Artistic Direction by Kasia Zaremba-Byrne
Co-Written by Alex Byrne
The circus is the work of the devil.
It’s difficult to disagree with Mary-Ann Haynie’s intensely religious aunts. Death-defying acts, beasts, manipulation, scintillating beauty, and an uncanny ability to part hungry audiences with their hard-earned dollars; may be a work of the devil, but Dead Rabbit Theatre’s Tiger Lady is a ferocious being of a more mortal and earthly design.
Elephants, Tigers, and Lions – the life of the circus flitters in the wind and imaginations of young Mary-Ann, soon to be known as Mabel Stark; the first-female Tiger training West of the Atlantic. And though at first cast as a dancer, the thrill of working with Big Cats soon lands Mabel a spot with these large pawed and clawed creatures.
Movement, live music, and ingenuity with puppetry – where the mirage of an Elephant work to further a sense of awe and wonder – much of Dead Rabbit’s production uses illusionary techniques to form a narrative as Mabel traverses train carts and tight-ropes in her ambitions to train these cats, resulting in being presented with a cub of her own – Rajah.
It’s all sold by the circus magic of the cast, skilled in the arts of deception and misdirection to offer enhancement in the most unexpected and effective ways. Whether the sweeping shores of San Francisco or the towering might of the big tent animal, though engaging, the significant drawback is the reliance on this stage magic, where Mabel’s story begins to play the second chair to gimmickry and ultimately loses focus on where the foundations of the story arose.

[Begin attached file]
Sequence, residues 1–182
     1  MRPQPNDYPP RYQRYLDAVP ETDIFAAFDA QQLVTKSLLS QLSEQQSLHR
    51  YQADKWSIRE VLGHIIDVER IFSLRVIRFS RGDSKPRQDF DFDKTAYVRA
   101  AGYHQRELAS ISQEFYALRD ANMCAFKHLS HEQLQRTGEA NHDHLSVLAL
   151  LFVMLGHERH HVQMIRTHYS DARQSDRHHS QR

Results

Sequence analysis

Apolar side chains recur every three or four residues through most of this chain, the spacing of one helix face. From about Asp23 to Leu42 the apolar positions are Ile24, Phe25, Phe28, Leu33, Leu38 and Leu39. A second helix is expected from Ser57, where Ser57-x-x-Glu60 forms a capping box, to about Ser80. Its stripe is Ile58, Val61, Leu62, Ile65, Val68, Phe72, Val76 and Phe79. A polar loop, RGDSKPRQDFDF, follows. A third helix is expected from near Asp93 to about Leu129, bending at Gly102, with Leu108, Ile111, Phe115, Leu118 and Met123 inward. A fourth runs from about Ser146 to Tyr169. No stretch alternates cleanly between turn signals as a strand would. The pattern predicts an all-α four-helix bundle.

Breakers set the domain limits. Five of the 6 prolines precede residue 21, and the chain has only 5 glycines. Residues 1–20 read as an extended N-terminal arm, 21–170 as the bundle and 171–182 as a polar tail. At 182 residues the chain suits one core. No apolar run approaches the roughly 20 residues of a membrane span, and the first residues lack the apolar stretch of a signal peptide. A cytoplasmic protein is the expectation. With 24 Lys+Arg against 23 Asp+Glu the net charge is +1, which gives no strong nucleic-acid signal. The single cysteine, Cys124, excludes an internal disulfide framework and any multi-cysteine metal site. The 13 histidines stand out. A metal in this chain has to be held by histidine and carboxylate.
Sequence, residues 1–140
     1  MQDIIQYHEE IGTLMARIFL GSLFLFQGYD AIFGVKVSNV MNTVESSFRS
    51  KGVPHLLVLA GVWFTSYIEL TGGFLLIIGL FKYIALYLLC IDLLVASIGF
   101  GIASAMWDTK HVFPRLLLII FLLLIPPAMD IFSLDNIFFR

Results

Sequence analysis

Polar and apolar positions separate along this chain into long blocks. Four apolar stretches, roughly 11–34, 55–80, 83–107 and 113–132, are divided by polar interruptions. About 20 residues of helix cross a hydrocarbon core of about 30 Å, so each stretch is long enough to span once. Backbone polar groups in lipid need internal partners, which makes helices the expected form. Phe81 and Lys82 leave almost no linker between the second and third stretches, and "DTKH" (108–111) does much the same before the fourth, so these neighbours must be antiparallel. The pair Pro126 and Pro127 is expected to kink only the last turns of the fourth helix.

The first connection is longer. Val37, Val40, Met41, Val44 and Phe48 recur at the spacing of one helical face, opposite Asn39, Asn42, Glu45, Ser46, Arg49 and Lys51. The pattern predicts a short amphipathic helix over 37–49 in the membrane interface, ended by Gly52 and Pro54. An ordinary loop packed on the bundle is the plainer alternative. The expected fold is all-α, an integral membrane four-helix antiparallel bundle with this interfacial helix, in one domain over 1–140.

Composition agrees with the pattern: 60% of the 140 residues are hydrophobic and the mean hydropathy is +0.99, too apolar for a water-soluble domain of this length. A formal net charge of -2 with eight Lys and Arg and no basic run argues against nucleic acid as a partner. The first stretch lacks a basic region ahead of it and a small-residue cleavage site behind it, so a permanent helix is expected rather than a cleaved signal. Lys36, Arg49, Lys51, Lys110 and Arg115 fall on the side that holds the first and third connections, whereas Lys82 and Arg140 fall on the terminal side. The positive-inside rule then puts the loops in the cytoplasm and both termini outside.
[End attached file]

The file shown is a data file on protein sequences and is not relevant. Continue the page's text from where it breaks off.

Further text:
But there remains a sincerity, where the remainder of the cast and characters have a more playful visage – Natisha Samuel-Williams’s titular Tiger Lady and Abayomi Oyinide’s circus performer/romantic interest for Mabel elevate and offer a snippet of where the narrative ought to be headed. Their chemistry stretches beyond the limitations of short production and offer the presumed peak into the life of Mabel Stark.
There are no meows or mewing, but roars and purrs of ambitious physicality and comedic moments. Where Tiger Lady may slip from the life of Mabel Stark when it does return to the first female Tiger trainer, there’s a uniquely personal angle of with Samuel-William’s performance, rousing a morbid – if fairy-tale fitting conclusion, of the awaiting danger of these remarkable creatures, and the peril of those who misunderstand their beauty.
But for a woman celebrated for being the first to strike out in a field dominated by men, the showbiz aesthetic of the show becomes a force too significant to overcome. Blending physical feat with circus stagecraft and puppetry, Dead Rabbits’ endeavour to shine the light on an unsung woman is an inventive visual piece, which misses the mark on telling her story.
‘Bears more than claws‘
Tiger Lady runs at The Pleasance Courtyard, Above, from august 4th – 29th (not 17th, 22nd)
Tickets for which may be obtained here.